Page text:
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National Weather at 255pm February 3 2005


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A quiet end to the workweek

2:55 P.M. ET 2/3/2005


M. Ressler, Sr. Meteorologist, The Weather Channel




The rain will exit even the Outer Banks of North Carolina by early Friday as the low-pressure area departs into the Atlantic and high pressure takes control of the Southeast. Daytime temperatures will be heading back toward average or even above average levels Friday through the weekend across the South. Meanwhile, the upper-level low over Baja will be on the move, bringing showers to southwest Texas Friday, rain to much of Texas Saturday and then rain and thunderstorms across the eastern parts of Oklahoma and Texas and the lower Mississippi Valley on Sunday.



Quite mild is the weather word Friday and Saturday as the Midwest enjoys above average temperatures from Michigan and the Ohio Valley to the Plains. Temperatures will be as much as 10 to 25 degrees above average in the north-central states with 50s and 60s in South Dakota and Nebraska. A front will lamely sag south into North Dakota and northern Minnesota keeping temperatures in the still-well-above-average 30s. The Midwest region will be virtually precipitation-free Friday and Saturday. Colder air will increasingly move into the Plains and Upper Midwest Sunday through Tuesday while the central Mississippi Valley and Ohio Valley remain mild. As the colder air jockeys for position, a storm could take shape possibly bringing significant snow from parts of the Dakotas and Nebraska to northern Michigan and bouts of rain to the mid-Mississippi Valley, Lower Michigan and the Ohio Valley.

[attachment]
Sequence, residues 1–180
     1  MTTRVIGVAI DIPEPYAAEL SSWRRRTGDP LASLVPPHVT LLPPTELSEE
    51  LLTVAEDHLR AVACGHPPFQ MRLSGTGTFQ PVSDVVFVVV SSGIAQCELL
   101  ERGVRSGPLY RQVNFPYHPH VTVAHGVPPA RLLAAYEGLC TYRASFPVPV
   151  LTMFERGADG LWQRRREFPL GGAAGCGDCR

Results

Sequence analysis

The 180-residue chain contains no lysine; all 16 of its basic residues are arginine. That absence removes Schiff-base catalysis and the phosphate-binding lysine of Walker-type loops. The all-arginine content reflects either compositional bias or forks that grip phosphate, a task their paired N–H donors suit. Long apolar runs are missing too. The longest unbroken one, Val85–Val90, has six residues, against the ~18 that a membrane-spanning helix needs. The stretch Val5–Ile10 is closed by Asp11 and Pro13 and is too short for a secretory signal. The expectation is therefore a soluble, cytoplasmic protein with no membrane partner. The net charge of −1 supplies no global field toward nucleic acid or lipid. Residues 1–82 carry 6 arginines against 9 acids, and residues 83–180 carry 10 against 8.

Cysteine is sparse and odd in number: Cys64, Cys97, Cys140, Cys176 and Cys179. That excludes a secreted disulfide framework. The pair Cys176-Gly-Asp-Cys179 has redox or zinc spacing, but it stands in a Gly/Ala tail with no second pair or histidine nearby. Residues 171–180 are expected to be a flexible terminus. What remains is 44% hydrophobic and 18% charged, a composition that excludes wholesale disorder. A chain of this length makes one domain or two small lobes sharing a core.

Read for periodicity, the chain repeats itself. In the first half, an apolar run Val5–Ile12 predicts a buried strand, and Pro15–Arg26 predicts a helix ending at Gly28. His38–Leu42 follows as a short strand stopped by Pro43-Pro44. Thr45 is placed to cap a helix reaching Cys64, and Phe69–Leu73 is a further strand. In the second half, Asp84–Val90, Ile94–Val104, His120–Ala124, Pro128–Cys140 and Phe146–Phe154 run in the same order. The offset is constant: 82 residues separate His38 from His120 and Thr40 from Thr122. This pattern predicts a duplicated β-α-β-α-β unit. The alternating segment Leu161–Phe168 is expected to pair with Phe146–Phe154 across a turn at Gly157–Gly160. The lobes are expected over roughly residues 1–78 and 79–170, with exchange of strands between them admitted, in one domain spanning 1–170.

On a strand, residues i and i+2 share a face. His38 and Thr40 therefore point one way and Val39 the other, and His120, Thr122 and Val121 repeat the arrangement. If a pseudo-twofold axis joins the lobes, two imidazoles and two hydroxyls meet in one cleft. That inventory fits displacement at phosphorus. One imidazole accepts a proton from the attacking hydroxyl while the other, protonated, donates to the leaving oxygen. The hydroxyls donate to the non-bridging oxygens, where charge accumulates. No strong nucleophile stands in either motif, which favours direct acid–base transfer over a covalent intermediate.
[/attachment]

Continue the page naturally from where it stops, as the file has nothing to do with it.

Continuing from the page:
Once the last of the flurries and sprinkles exit the coastal Northeast and Mid-Atlantic early Friday, the region will enjoy dry weather right through Monday as high pressure dominates. Showers could encroach on areas west of the Appalachians on Tuesday and turn the entire region wet by midweek. Temperatures will tend toward above average from Friday on into the upcoming week, meaning upper 20s and 30s north to the 40s and 50s in Virginia.



Changes are on the way for the West. The upper-level high over the Pacific Northwest will break down allowing stronger and stronger upper-level disturbances to move into the Northwest. After a mild Friday, temperatures will take a downward turn. Temperatures near 20 degrees above average on Friday in Montana for example will be 5 to 10 degrees below average by Sunday which means 40s and 50s will be replaced by teens, 20s and low 30s. Showers confined to western Washington and northwest Oregon Friday will expand into a broad area of snow showers over the Great Basin, northern and central Rockies and the northern High Plains by Sunday. Meanwhile, the Baja upper-level low will be forced eastward and then northeastward reaching the mid-Mississippi Valley by Sunday. This will end the gusty winds in the Southwest while bringing showers and mountain snow to parts of Arizona and New Mexico Friday and Saturday.

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